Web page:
More fungi everywhere

Total fungi-fest in the woods here (or is it fungus-fest?). Way more fungus afoot than there was when I shared images in my post about mushrooms on the last day of August.



Which is fantastic because it’s a nice little filler, considering the fall colors aren’t quite showing yet and there are hardly any more flowers still blooming aside from some chicory, a few straggler blooms of Queen Anne’s lace, some thistle, an occasional yellow wildflower. None of which I bothered to photograph yesterday, because, well, too many gorgeous mushrooms, you know?

I’m not usually here on the lake for more than a short weekend in this in-between stage, so it might really be the first time I’ve let myself wander aimlessly in the woods, no time frame or rush, seeking out mushrooms. A whole afternoon of it, in fact.


I never realized quite how much fungus happens in the woods right now. I mean, it’s everywhere. White, yellow, beige, pale salmon-y pink, red, brown, pearlescent, moldy-looking (for real, I came across one type that looked like it was covered in a white mold). Growing on trees, from the sandy ground, from moss, from life and from decay.

coral-like fungus

It’s like a world that I bet plenty of people go their entire lives not knowing anything about. I’m so glad I get to see it.

I’m not going to attempt to identify any of these. I just like taking pictures of them. And looking at them in their natural habitat. And smelling them (they were particularly pungent yesterday).


And it’s interesting, but once you see one on the forest floor, usually there are tens, hundreds maybe, just nearby. Of the same variety and/or different varieties. And it’s easy to wander off the path as you see one just there, and then there, and then farther over there…

And then you look up and realize you have no idea where the path is and your heart starts to quicken just a little bit and then oh, nevermind, there’s the path right there. Not that you were concerned.**



Anyway, I know these woods, but I won’t pretend to know anything about mycology (except that mycology is the study of mushrooms).




So I’ll leave the identifying to people who know what they’re talking about, and hope you enjoy my photos of mushrooms in a western Michigan forest.***




*No, not really eyeballs.
**Maybe for a second.
***If you’re reading this and you know about these things, feel free to comment and identify any of these.

Fungi everywhere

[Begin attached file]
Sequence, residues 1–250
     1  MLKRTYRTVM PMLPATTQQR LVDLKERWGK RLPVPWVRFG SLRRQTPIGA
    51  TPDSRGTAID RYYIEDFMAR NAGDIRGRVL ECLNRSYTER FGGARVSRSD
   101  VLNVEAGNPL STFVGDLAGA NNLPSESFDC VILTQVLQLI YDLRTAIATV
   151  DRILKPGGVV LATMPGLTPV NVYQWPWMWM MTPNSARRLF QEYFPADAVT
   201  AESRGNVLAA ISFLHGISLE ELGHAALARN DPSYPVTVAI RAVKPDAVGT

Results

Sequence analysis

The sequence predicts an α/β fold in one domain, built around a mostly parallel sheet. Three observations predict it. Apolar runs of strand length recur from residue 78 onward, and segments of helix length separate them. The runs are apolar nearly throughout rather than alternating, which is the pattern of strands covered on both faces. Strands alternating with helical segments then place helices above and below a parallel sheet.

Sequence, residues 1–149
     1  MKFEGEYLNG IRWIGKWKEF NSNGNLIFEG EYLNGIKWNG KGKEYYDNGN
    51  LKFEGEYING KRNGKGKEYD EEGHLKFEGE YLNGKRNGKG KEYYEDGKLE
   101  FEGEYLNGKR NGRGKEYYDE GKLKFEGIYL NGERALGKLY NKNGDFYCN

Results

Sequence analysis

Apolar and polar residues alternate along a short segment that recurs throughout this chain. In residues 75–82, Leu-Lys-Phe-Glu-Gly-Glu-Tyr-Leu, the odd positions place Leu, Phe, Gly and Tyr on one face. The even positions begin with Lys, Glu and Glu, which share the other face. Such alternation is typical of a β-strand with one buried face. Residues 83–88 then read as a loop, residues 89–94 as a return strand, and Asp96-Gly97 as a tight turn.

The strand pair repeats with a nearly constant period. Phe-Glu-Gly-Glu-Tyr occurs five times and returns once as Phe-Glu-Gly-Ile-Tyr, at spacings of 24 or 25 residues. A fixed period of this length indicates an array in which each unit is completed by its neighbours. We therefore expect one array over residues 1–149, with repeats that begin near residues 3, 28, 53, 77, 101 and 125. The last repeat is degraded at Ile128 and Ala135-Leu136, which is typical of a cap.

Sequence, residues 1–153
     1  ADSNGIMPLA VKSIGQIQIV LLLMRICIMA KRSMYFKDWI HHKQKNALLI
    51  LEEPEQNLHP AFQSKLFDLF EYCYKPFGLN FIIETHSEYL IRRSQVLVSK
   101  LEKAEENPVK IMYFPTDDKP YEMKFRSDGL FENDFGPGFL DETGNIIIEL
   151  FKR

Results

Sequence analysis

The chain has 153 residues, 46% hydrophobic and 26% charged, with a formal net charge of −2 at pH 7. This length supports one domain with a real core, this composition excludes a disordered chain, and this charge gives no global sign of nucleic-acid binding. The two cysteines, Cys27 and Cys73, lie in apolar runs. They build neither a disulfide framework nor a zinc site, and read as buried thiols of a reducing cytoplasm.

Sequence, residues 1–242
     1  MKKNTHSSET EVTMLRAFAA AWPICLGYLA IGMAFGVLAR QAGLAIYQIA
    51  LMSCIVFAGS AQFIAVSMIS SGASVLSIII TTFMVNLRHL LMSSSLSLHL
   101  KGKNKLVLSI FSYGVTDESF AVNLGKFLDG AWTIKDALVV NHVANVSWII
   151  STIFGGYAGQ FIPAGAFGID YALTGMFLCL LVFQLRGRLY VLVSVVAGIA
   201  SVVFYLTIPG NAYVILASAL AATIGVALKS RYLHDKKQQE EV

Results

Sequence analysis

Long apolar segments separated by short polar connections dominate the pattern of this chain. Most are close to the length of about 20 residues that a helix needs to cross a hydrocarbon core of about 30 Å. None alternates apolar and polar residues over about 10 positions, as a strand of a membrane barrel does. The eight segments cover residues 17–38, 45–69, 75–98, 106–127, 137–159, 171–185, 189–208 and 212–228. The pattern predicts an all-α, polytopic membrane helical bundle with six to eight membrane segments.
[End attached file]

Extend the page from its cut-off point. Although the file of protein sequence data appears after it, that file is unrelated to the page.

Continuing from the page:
Or, it’s all about the fungi.

At least it is in the woods right now. Okay, wait. It’s also all about the spiders and frogs, too, because I walked through webs aplenty (and tried not to think about hitchhikers) and every time I stepped foot near the tiny lake in the woods, the frogs practically knocked each other out trying to get out of my way.

I have that effect on frogs, I guess.

“I’m just going to stay really still and pretend she’s not there. She can’t see me, right? Right???” –frog

So, getting back to the fungi.

Once you notice a deep red mushroom on the forest floor, or a bright white one illuminated just right in a little patch of sun that sneaks through the trees, you just see them everywhere.

double whammy orange

If I was a really good naturalist, or even a good blogger, I’d have dug up the names of these different kinds of mushrooms for you. But I’m just a girl with a camera in the Michigan woods, sweating in the late summer humidity and heat, talking out loud to myself, dropping cameras*, tripping over branches and getting bit by mosquitoes and deer flies. Geez, isn’t that enough?

Actually, it occurred to me just this evening that I have a good excuse for not knowing the mushroom varieties. My mother taught me all about the growth that you find in the Michigan woods earlier in the summer. I’m not sure she cared so much about the mushrooms, but in any case by this time in the year we’d be back in the city getting ready for school, our time at the cottage over until the next year. So there’s that.

perfectly illuminated

And, I always get giddy when I see these:

Indian pipe! Also called ghost flower, ghost plant, or (barf) corpse plant. It’s sort of a fungus but it’s not. It has no chlorophyll, hence no green, but it does turn pink once it’s fertilized.

Anyway, if it’s late summer where you are, and you have a woods nearby, I implore you: get some bug repellent (or don’t, and wear some long sleeves and pants, regardless of the heat), go into the woods, and see what you can find. It’s kind of spectacular.


*I should have some film developed from this venture in a few weeks. I picked up a Minolta X700 and put a roll of Fuji 800 speed film I had hanging around in it, seemed a perfect speed to test in the low light of the woods. I dropped this camera in the woods, actually. And, I accidentally popped the back open while rewinding the film (it stuck, it was near the front of the roll, hopefully minimal damage). Sigh. And I also brought the Olympus Pen with some black and white film in it; but I’m never sure about metering and focusing with this bugger. So, surprises await.